You’ve probably noticed your portfolio soaring these past few months.
The Slow & Steady portfolio is up more than 5% since last quarter. That’s despite it being 40% bonds.
Property’s 10% quarterly rebound is especially heady. Mind you, I’d estimate my REIT fund is still down around 5% since the eve of the coronavirus crash.
As the world learns to live with Covid, confidence is shooting through equity markets like bubbles in champagne.
What could go wrong?
It’s at moments such as this – with the Slow & Steady’s returns just shy of 10% annualised – that I like to think about how it could all end in tears.
(I’m giving up FIRE, by the way, for a new gig as a professional party-pooper.)
There’s a drumbeat of concern about ‘overheating’ out there. And it’s always better to burst your own bubble than to have someone do it for you.
So let’s scare ourselves silly with some frothy (over-)valuation porn.
But first, let’s bask in this quarter’s lovely numbers. Just for a moment!
Returns brought to you by Don’t-Worry-Be-Happy-O-Vision:
The Slow & Steady portfolio is Monevator’s model passive investing portfolio. It was set up at the start of 2011 with £3,000. An extra £985 is invested every quarter into a diversified set of index funds, tilted towards equities. You can read the origin story and find all the previous passive portfolio posts tucked away in the Monevator vaults.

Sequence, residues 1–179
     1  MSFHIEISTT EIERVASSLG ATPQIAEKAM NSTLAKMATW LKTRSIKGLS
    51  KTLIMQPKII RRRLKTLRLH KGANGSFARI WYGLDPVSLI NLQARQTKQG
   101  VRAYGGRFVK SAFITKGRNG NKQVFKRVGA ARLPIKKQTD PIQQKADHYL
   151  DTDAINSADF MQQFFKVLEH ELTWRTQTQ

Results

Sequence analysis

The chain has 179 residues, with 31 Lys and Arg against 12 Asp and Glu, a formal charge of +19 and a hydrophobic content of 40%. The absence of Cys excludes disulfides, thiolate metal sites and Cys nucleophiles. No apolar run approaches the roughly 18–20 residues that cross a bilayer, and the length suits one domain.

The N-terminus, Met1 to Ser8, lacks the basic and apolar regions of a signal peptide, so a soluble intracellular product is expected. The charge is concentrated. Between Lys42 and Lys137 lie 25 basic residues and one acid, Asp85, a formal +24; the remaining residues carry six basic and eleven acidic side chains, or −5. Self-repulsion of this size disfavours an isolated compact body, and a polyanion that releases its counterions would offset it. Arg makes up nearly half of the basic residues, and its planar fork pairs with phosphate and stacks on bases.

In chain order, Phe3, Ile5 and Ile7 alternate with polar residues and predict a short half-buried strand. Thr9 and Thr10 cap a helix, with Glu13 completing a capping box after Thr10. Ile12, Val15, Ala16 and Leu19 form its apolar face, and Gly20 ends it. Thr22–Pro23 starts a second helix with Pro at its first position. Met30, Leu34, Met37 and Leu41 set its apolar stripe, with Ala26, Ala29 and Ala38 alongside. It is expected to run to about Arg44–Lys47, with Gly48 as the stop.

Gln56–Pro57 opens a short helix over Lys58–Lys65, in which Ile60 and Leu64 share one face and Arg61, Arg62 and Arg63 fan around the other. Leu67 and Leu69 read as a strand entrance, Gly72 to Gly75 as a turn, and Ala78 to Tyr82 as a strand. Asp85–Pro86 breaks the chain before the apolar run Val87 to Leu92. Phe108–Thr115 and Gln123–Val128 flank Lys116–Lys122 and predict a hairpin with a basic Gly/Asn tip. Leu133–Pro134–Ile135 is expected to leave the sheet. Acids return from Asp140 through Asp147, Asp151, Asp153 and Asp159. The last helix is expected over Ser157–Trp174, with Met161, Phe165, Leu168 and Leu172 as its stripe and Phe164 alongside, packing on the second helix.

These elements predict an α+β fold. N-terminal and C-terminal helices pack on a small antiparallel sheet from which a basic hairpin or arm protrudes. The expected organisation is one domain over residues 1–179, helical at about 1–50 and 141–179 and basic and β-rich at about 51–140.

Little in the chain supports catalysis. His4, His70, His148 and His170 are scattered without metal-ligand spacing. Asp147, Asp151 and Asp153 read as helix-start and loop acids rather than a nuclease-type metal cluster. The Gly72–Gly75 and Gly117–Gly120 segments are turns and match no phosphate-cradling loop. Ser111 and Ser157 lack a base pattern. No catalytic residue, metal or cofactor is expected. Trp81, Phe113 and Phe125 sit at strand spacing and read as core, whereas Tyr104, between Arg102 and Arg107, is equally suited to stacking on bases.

Valuations of doom
Okay, that’s enough basking. If our returns can’t deliver negativity then we’ll just have to do it ourselves.
Dialling up today’s market valuations and miserly expected returns is a quick way to pee on our fireworks.
One of the few equity valuation indicators thought to have some predictive power is the cyclically-adjusted P/E ratio (aka CAPE, aka P/E10, aka Shiller P/E…).
The Investor has written an excellent piece explaining how CAPE works. He also looked at its limitations and pitfalls.
To cut to the chase, there appears to be some correlation between a stock market’s CAPE measure and future stock returns. How much? You can find material arguing the case either way. But – especially in the US – there’s evidence that a historically high CAPE signals poor market returns ahead.
Right now the US CAPE measure looks lofty.
Brace! Brace! Brace!
CAPE ought to be relevant in other countries, too. But good data is hard to find.
Thankfully, help is at hand from fund manager Research Affiliates.